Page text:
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Title: Effect of mulch type, mulch rate and slope on soil loss, runoff and infiltration under simulated rainfall for two agricultural soils in Ghana
Authors: Asante, Eric Amoah
Issue Date: 19-Jun-2011
Abstract: To study the effect of mulch type, mulch rate and slope on soil loss, runoff and infiltration of some agricultural soils in the Ashanti Region of Ghana, soil loss experiments were conducted. A rainfall simulator was developed to measure soil loss, runoff and infiltration for two agricultural soils. The average drop size was 1.49 mm. The unit provided mean velocity of 7.5 m/s, which is 83% of terminal velocity of natural rain, given kinetic energy of 4.91 x 10-5 Joules. The effectiveness of using maize stover (Zea mayz L.), Rice straw (Oryza sativa L.), Elephant grass (Pennisetum purpureum), and Cyperus haspan L., as mulching materials were evaluated using the rainfall simulator which was set at rainfall intensities typical of the tropics. Soil samples, from two sites at KNUST (Anwomaso Research Farm) and Kotei (a suburb of KNUST) representing the main agricultural soils in the area were collected, placed at four different slopes, and covered with different rates of mulch materials. The surface runoff, soil loss, and infiltration were measured under each condition. The results with cyperus haspan compared favourably with elephant grass, which also compared favourably with results from rice straw and the rice straw also compared favourably with results from the maize stover. This finding confirms results from previous researchers. Runoff and soil loss decreased as mulch rate increases and increases with slope. It was determined that the mulch rate and field slope at which runoff and infiltration become equal were 2.25 t/ha and 3.14% respectively. Soil bulk density for the Anwomaso soil (sandy clay loam) increases linearly with increasing mulch cover and that of the Kotei soil (sandy loam) increases slightly, plateau and then decreases with increasing mulch cover.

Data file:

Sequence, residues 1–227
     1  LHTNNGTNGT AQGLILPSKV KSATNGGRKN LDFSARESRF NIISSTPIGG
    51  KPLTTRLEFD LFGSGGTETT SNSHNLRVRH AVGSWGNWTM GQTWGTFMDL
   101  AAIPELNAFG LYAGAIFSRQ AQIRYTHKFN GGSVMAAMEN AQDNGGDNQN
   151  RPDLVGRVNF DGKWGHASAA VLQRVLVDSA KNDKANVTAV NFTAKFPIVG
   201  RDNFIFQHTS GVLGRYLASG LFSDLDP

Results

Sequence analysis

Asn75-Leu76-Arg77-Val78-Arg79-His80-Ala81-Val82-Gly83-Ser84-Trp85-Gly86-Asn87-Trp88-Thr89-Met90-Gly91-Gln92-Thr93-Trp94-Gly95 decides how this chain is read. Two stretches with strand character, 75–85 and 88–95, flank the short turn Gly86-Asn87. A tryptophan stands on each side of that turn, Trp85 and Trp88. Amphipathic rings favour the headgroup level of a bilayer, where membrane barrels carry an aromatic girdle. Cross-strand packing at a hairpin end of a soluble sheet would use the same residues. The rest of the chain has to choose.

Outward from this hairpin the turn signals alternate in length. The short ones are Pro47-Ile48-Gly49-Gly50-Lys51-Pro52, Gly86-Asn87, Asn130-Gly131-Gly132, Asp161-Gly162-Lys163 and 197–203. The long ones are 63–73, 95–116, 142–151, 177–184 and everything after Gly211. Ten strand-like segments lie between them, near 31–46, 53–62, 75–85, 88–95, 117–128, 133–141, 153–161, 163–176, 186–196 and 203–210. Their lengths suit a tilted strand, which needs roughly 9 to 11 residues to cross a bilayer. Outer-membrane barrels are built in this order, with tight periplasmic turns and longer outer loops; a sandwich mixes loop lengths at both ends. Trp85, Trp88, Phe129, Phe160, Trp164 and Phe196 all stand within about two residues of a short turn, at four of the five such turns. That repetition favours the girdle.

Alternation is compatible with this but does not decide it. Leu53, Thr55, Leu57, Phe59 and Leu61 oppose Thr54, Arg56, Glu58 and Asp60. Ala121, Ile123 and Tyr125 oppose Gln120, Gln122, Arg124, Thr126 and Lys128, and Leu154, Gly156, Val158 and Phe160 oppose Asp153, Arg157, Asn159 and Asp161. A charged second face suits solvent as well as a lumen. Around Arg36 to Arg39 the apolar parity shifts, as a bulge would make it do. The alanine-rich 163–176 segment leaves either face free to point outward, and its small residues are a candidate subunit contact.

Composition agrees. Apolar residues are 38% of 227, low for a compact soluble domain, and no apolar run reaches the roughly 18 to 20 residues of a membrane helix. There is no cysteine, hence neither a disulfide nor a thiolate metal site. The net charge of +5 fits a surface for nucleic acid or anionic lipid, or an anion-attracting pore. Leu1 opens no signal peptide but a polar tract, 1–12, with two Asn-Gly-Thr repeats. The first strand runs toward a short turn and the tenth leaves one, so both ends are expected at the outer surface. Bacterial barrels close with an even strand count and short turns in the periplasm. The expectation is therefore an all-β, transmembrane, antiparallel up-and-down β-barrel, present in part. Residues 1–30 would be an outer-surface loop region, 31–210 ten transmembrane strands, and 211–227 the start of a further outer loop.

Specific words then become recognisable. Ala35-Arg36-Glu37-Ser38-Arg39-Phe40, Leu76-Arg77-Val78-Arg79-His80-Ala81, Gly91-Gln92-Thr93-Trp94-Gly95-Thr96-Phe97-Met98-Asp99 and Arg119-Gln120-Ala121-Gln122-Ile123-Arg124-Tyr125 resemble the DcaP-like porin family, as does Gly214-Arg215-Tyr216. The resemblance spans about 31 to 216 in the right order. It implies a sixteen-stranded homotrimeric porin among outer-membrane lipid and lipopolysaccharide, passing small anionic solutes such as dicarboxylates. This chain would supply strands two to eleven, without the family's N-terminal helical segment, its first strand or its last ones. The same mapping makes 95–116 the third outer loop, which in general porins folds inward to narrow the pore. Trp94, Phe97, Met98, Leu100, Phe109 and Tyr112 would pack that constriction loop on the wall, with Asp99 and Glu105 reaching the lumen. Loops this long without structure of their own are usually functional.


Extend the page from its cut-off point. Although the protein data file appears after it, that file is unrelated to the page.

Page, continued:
Description: A Thesis submitted to the Department of Agricultural Engineering, Kwame Nkrumah University of Science and Technology, Kumasi in partial fulfillment of the requirement for the degree of Master of Science in Agricultural Machinery Engineering, 2011
URI: http://hdl.handle.net/123456789/4014
Appears in Collections:College of Agric and Natural Resources

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